“Is that an Elephant…with a violin?”

July 22, 2009

Elephant Revival

Elephant Revival

In our crazy world where consumer product diversity outnumbers biodiversity (probably), people search for meaning in strange places. This would explain why we have chocolate products named after elegant white birds, dish soap named after the expression of unbridled mirth, and a media & entertainment conglomerate named after the measurement system of duration and sequence of events. This search for meaning extends into the entertainment industry, since the connections artists build with audiences sells CDs and pays the cover at plenty of shows. This meaning doesn’t necessarily have to be definite, but it repels superficiality that can sprout like mold on so many successful touring bands when monotony sets in. I bring this up because I attended two performances of the touring band Elephant Revival, and the group gave me a sincerely meaningful musical experience.

The label “Trascendental Folk,” while accurate, seems to contradict the sense of focus and unity I get from their show. “Eclectic,” like my favorite buzzword “edgy,” gets tossed around too often today when you’re actually hard-pressed to find any modern group that isn’t, in some way, eclectic. Eclecticism and transcendentalism are natural outgrowths of the sheer abundance of popular culture, and aren’t necessarily “selling points” anymore. What makes Elephant Revival unique is that they are effortlessly and humbly transcendental, incorporating a cornucopia of influences in a way that seemed honest and natural. While all of their members were excellent, I was particularly impressed by the multi-instrumental talents of guitar/banjo/mandolinist Sage Cook who seemed at home with every instrument he touched, and vocalist Bonnie Paine whose captivating, lilting vocals were matched by her throwing down some serious washboard and djembe percussion.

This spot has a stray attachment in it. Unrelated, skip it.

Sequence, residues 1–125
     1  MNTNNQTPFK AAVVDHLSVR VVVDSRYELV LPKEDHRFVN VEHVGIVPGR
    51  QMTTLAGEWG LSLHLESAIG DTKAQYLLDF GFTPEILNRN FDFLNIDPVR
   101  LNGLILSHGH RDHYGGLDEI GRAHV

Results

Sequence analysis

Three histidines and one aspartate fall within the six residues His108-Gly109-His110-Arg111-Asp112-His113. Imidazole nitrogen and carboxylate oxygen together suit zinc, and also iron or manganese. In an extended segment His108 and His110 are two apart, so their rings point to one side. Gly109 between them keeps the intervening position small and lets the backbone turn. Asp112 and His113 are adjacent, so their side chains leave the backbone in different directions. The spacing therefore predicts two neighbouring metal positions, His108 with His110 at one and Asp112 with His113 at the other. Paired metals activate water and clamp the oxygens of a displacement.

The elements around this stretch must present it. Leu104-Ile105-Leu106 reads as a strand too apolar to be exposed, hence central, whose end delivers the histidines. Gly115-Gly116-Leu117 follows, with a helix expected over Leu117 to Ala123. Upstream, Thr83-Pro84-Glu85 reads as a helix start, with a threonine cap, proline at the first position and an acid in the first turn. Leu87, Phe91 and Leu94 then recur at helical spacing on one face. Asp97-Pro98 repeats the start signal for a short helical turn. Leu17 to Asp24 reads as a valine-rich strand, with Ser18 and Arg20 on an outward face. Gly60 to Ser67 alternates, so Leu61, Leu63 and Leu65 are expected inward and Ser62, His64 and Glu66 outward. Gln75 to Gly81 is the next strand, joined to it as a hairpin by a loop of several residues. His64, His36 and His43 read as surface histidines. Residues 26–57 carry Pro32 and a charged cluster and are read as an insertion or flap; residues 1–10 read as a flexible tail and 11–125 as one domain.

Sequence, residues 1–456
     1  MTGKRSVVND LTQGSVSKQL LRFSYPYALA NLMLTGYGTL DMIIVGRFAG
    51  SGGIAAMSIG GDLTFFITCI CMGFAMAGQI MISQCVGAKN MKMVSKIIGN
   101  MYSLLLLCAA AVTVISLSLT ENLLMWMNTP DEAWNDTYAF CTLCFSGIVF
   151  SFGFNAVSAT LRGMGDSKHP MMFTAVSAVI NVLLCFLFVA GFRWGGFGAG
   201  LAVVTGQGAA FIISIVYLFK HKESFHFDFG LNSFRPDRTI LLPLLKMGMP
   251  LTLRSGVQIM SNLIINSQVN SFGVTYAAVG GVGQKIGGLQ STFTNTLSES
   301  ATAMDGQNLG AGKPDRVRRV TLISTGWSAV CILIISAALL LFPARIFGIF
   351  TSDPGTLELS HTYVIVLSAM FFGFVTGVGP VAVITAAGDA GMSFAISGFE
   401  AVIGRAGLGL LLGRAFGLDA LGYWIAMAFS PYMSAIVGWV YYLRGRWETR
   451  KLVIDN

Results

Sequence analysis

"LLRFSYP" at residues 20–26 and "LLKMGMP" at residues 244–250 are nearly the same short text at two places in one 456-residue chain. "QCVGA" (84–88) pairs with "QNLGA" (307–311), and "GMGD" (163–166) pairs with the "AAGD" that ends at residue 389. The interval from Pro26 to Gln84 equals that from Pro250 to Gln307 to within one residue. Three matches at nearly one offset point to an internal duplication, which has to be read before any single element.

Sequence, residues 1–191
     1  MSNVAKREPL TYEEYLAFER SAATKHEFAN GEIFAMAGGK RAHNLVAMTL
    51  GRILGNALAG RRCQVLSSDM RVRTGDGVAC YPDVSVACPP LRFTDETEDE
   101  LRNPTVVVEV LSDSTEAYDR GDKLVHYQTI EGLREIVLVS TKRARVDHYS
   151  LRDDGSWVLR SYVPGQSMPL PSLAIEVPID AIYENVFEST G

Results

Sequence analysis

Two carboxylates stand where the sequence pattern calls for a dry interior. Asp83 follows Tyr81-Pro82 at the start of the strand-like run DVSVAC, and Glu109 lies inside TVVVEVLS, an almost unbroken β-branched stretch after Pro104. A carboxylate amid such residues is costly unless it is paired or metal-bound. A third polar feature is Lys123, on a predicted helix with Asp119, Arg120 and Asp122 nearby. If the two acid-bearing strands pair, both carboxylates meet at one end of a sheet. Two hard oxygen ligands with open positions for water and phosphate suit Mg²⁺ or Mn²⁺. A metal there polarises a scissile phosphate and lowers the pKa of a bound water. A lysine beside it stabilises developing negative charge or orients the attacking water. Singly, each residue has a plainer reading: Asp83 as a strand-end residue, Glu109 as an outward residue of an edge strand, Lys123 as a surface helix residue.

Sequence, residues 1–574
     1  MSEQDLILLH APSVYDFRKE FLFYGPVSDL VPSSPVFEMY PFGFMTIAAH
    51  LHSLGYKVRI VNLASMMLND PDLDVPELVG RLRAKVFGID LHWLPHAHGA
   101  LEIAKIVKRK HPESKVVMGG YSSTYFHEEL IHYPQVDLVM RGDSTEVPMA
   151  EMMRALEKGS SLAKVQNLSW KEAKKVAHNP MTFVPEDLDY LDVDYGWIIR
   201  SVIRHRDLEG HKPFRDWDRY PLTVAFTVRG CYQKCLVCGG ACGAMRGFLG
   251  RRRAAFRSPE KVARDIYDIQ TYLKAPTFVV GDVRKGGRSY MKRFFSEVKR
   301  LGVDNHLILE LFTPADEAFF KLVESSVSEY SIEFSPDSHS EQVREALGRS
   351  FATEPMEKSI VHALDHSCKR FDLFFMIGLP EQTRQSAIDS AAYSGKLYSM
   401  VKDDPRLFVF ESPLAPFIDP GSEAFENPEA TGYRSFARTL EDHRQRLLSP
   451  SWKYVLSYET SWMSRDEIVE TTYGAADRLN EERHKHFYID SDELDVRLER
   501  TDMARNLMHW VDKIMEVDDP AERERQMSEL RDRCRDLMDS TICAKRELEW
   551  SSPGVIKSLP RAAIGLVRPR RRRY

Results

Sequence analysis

Where the Axe & Fiddle show presented them at their most eclectic electric, the group gathered around an omni microphone at the Alberta St. Pub for a show which took advantage of the acoustically intimate setting. With nothing but church pews and wooden stools, the group treated a small gathering of family and friends (old and new) which grew steadily into a respectable crowd. In the Axe & Fiddle they were on stage, but in the Alberta St.Pub, they were at home, and that made the difference between a good show and a meaningful one. Myself and a cohort from The Student Loan even jammed with them on a few tunes, and that invitation alone added to the feeling that the group was offering more than simply a performance. They were willing to connect with new friends on tour and explore a little, and that means something.

“I love gluten.”
Sage Cook

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